What would cause a cat to lose its hair?

Discussion in 'Archived Threads 2001-2004' started by Jeff Ulmer, Jan 16, 2003.

  1. Jeff Ulmer

    Jeff Ulmer Producer

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    I have a neighbor who seems pretty negligent with their cat, and it is always coming over to my place looking for attention. The cat is an outdoor cat, and I'm sure it is a scrapper, but it is also very friendly, so I am concerned over the amount of fur it is missing from its back, which seems to be getting worse.

    The cat doesn't look to be that old, maybe a few years, but it is now missing about a third of the hair on its back. It has no flea collar, so I'm wondering if it is some kind of parasite or something. There are some signs of lesions, but the cat doesn't stay still long enough for me to really examine it.

    This cat has also decided my house is his as well, darting inside any time I open the door. I don't really mind, but don't want to be tracking in feas or ticks if I can help it.

    Any ideas what could be causing the hair loss?
     
  2. Michael*K

    Michael*K Screenwriter

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    Malnutrition, parasites, allergies...could be lots of things.
     
  3. Jon Robertson

    Jon Robertson Screenwriter

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    The only way you'll know for sure is if you scoop him up and take him to the vet, which I can't advise strongly enough.

    If the cat comes looking to you for attention, it's pretty clear that his owners aren't doing anything enough to keep him at home.
     
  4. Paul D Young

    Paul D Young Second Unit

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  5. Cees Alons

    Cees Alons Moderator
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    Cats have rather loose hairs (that's why you never hear about cat-fur coats). It may be a mechanical cause: e.g. constantly rubbing one place (or biting in case of an allergy or something, in which case you may see a wound or sour spot). Unbalanced food, causing a shortage of some vitamins is a very frequent cause. Try giving it some yeast-products and milk.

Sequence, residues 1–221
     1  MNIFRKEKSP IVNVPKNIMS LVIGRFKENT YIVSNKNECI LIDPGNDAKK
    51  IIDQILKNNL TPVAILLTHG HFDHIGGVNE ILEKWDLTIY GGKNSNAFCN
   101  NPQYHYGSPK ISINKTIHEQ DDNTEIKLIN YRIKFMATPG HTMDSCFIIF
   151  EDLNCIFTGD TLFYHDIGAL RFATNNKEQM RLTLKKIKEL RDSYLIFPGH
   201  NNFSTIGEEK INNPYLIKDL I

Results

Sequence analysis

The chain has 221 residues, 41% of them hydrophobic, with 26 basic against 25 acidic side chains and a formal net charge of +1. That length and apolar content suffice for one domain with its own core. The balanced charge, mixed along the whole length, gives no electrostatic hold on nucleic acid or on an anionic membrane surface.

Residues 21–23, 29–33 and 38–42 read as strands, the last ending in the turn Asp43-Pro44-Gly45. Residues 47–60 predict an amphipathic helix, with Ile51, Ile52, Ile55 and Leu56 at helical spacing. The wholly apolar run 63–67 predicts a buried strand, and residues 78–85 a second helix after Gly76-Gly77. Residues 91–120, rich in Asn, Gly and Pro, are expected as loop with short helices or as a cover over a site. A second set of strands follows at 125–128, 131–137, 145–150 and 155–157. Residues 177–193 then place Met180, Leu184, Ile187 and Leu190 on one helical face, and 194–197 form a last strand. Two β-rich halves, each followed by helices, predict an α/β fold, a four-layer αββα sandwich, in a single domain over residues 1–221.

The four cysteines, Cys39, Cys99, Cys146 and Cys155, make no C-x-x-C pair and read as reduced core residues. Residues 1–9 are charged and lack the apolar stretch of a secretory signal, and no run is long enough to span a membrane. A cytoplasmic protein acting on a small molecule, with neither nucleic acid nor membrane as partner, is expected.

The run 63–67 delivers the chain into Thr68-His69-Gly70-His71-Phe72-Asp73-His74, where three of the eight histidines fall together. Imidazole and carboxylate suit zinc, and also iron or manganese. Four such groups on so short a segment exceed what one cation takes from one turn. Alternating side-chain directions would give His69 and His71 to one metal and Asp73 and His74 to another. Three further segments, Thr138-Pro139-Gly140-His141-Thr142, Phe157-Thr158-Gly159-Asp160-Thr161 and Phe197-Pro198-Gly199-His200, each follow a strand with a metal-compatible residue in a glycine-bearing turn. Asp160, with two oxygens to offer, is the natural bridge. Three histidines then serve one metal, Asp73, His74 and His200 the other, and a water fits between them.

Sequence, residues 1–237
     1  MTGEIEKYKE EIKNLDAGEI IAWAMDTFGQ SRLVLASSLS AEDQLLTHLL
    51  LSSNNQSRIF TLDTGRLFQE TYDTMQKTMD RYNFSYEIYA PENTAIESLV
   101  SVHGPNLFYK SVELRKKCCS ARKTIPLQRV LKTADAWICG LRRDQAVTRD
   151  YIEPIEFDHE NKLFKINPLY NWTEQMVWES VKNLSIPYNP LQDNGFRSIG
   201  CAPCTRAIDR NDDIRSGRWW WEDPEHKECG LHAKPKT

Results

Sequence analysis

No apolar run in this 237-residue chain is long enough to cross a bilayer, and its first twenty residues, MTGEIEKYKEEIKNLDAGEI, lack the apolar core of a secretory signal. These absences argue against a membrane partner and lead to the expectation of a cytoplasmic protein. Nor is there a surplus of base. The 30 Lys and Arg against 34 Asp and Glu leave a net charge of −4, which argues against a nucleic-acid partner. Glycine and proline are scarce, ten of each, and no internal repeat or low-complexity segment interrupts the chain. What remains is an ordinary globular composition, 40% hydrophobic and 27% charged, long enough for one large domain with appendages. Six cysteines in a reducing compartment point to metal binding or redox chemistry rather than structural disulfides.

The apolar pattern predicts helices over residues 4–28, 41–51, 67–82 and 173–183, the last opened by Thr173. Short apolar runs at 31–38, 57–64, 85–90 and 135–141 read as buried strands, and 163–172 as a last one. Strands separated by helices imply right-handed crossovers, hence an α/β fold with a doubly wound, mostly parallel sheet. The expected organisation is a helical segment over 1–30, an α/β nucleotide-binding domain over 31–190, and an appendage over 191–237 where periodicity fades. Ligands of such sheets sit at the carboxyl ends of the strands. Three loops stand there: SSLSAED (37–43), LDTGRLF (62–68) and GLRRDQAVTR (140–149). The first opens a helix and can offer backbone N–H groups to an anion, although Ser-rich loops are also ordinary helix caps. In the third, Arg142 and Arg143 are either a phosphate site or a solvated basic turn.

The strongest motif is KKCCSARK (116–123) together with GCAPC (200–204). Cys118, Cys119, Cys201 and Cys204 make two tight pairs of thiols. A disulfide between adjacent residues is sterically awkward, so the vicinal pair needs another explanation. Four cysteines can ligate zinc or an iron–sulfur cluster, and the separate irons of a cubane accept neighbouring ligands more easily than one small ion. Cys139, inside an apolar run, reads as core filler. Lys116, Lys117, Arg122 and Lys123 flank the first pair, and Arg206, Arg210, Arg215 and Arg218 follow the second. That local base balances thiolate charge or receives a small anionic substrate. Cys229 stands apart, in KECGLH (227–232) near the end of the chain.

Cees
     
  6. Julian Reville

    Julian Reville Screenwriter

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    Fleas, dermatophytosis, fleas, fighting, fleas, other trauma, fleas.
     
  7. BrettB

    BrettB Producer

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    I can't advise you strongly enough to disregard this advice. If you're truly concerned about the cats welfare call the authorities.
     
  8. Dave Poehlman

    Dave Poehlman Producer

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    My wife's aunt had a cat that was neurotic and it would pull it's own fur out on it's legs. It was pretty goofy seing this rather heavy cat walking around on these "chicken legs".

    I doubt that's your problem since it's on a hard to reach area on the cat's back. But, you never know. Particularly if the animal is distressed about the lack of attention from it's owners.
     
  9. Lew Crippen

    Lew Crippen Executive Producer

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    Third the advice of going to the vet ASAP.
     
  10. Jeff Ulmer

    Jeff Ulmer Producer

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    This isn't my cat, and I'm in no financial position to assume responsibility for him, so taking it to the vet is not an option. I did call the vet, and from my description, their assumption is that this is a flea related alergy.

    I may take him in to the SPCA though, as they will treat him and neuter him while they are at it. If the owners claim him, they are responsible for the costs, if not he goes up for adoption. I'm not sure what to do at this point.
     
  11. Lew Crippen

    Lew Crippen Executive Producer

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    Oops, sorry Jeff. I did not read closely enough. It is really pretty hard to advise on what to do.

    Both of our cats were ones that were either lost or abandoned and had made their way into the system. They are now living the life that its clear they consider their due.

    So you may want to consider a shelter of some type. A quick call to the local SPCA may yield positive results.

    Good luck on whatever you decide to do.
     
  12. Joel C

    Joel C Screenwriter

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    My cat Marbles is something of an emotional wreck at times (she's a tortiseshell, a notoriously attention-starved "breed" though they are really just genetic abnormalities).

    When we moved, she spent all day in my closet or under my bed and would come out only when I was in the room and demand to be petted or held at all times. If I just set her on the bed, she immediately would start licking her stomach, even doing that little chew thing they do when they itch. She'd sit for as long as 10 minutes with her head bent over, licking her stomach. She ended up licking off all of the fur... looked like it had been shaved.

    Eventually she adjusted and it grew back, but she knows if she starts in with the licking I will likely pick her up, so she does do it from time to time.

    Also, she'll sometimes sit on a cardboard box under my bed and lick it for hours, or do the same to the bedspread. Once I even woke up to find her perched on my back and licking my hair.

    My cat has problems.
     

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